His murder was an execution. And it sent a chilling message not just to his friends, but to all of his colleagues around the world who live and work in dangerous places; to all of those who give their communities a voice, who are trying to promote freedom in countries where it does not exist; to all of those whose names you may not know but without whom we could never tell you the full story.
More From Our Own Correspondent succeeds on multiple levels and is the sort of writing so appropriate for all those focused outwardly on the world around us. The perfect blend of serious and sentimental, it is politics and culture, countries and people. Editor Tony Grant has wrought a bit of a miracle here with this balancing act; I hope it finds many, many readers.
Olive Press has just released two excellent titles from author Phyllis Bennis, a fellow of the Institute for Policy Studies in Washington DC. Both Understanding the US-Iran Crisis and Ending the Iraq War are perfect choices for teens researching US history and policy as it applies to Iran and Iraq. The books are designed around clearly set question and answer sections and chapters that parcel history from modern events but build successively on previous sections. This translates into a lot of easy to digest information such as the bit from Understanding the US-Iran Crisis about how the company British Petroleum was initially named the Anglo-Persian Oil Company and developed so that the British government could exploit what later became the Iranian oil fields. (The company dates to 1908 and is still majority-owned by the government.) Bennis excels at this kind of information, not just thrown out for trivial shock, but to show how in the case of Iran, oil was key to western involvement in that country from the beginning of the 20th century and played a huge part in the removal of its democratically elected leader in 1953 and installation of the Shah of Iran… by the United States.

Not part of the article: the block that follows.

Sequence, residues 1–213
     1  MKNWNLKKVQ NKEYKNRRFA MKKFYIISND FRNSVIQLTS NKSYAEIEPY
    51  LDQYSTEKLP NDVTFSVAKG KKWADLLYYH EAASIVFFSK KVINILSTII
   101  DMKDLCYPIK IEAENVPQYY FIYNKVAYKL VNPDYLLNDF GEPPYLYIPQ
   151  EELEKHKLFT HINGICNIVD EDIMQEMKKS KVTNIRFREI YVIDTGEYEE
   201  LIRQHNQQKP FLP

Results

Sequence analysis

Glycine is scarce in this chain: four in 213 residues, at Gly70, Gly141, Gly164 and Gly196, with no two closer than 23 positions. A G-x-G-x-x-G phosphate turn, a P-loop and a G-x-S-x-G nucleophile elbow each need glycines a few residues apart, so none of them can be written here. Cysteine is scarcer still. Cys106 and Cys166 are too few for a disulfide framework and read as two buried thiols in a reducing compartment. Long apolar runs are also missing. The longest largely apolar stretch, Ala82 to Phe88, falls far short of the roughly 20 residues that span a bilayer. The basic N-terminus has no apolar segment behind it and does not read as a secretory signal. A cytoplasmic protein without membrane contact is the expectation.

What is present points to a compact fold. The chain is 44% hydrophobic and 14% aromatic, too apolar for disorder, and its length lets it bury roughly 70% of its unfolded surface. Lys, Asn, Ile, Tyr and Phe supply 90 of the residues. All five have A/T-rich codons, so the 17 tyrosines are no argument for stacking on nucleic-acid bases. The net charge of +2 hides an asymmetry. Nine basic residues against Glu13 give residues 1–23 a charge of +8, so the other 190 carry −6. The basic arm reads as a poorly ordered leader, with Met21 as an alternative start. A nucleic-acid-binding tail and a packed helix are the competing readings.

The point Bennis strives to make about Iran and the U.S. is that their relationship is both rather old and exceedingly complicated. You can’t casually describe it with words like “oil,” “Shah,” “embassy hostages” or “axis of evil.” She chips away at the preconceptions Americans have of Iran and while most certainly not dismissing any of Iranian faults (recent comments about destroying Israel are discussed), she is clear about how one country has played for and against the other repeatedly in the past, from working hand in hand through the '70s under the Shah to America’s funding of the Iraqi side of the Iran-Iraq War. (Funding which Bennis asserts was primarily done to prolong the war and weaken both countries.) She points out the positive diplomatic exchanges between the U.S. and Iran post 9/11 and potential for future exchanges. By the book’s end Bennis proves that casting aside or even worse bombing Iran is not a logical choice given the long relationship between the two countries. She accomplishes this in just over 100 pages and provides ample resources for those looking to learn more.